Famous Dead Person of the Week: Joan of Arc
Name: Joan of Arc
Life: Sometime in 1412 – May 30, 1431
Occupation: Peasant, revolutionary, martyr, saint
Why She’s Famous: Profiled in one of the best Wishbone episodes of my youth.
Fun Fact: Once attempted to escape prison by jumping off a 70-foot high tower into a dry moat; did not work.
Pretty much any time someone runs through a list of women that changed the world – which I’m sure happens to you all the time – Joan of Arc’s name gets mentioned. If you struggle long enough, you can remember hearing her name in history class back in the day: claiming that God was on her side, she helped France win several crucial victories in the Hundred Years War, ultimately winning French independence. Sadly, she was captured and sold to the English who, presumably mad since her actions lost them control of France, tried her as a heretic and burned her at the stake.
There are two ways to look at everything (not just this case; I mean everything in the entire world, but that’s for another day): analytically and cynically. Having come out on the wrong side of a few battles and lost control of the French throne, I suppose the perturbed English were within their medieval rights to kill the heroine of France. As far as I can tell, that was a perfectly reasonable conclusion to come to back in the Middle Ages – lose, get mad, burn someone at the stake, justify murder on trumped up charges. Heck, some variation of that probably goes on still today.
At the same time, I can see how the English may have been a little overeager on this one. Back in the day, women were considered inferior – not “You shouldn’t get a raise” inferior, but “You should sleep out in the shed with the goats” inferior. So maybe England – a good ol’ boys club if there ever was one – decided to save some face by capturing, convicting and killing the woman (gasp!) that had the audacity to defy the English. To the English, it was sort of a “Get back in the kitchen, missy” moment. Don’t worry Joan; the good ol’ USofA had your back a few hundred years later.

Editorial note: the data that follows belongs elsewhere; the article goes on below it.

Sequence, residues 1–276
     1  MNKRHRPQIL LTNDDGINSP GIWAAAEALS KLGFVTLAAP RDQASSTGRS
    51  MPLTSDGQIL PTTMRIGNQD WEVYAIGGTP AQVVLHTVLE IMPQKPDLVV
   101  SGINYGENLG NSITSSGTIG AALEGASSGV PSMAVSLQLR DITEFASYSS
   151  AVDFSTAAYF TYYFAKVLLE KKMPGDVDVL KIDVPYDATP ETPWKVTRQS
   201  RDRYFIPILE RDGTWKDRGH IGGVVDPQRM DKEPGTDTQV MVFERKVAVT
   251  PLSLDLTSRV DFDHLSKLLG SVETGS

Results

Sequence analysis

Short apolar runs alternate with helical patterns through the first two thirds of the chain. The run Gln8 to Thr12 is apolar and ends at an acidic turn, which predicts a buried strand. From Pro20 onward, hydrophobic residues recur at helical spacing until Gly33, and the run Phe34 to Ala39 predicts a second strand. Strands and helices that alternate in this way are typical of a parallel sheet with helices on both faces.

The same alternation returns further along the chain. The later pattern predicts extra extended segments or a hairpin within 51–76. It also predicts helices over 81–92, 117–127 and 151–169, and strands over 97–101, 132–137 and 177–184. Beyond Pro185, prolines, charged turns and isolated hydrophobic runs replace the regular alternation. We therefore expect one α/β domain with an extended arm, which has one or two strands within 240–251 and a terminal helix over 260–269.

To France’s credit, not everyone would’ve rallied behind an illiterate farm girl in the 15th century, although getting beaten like a rented mule for seventy years makes people less reticent to go against normal procedures. I seriously can’t believe I just gave France credit for anything.
Still, you don’t get to be a martyr without dying so on May 30 1431 Joan of Arc was burned at the stake after a comical trial and imprisonment that makes our own judicial system look stupendously well-run. Highlights: no lawyer, only tried by Englishmen, forced to sign a document she didn’t understand (think we’ve all been there), forced to wear dudes clothing to avoid being raped in prison which led to a second heresy conviction and her eventual execution.
Like everyone in the Middle Ages she was nominated for and received sainthood, which I’m sure was of great comfort to her remains. She was also given a posthumous retrial, which just goes to show that even courts in the 1500s were willing to waste money on stupid things.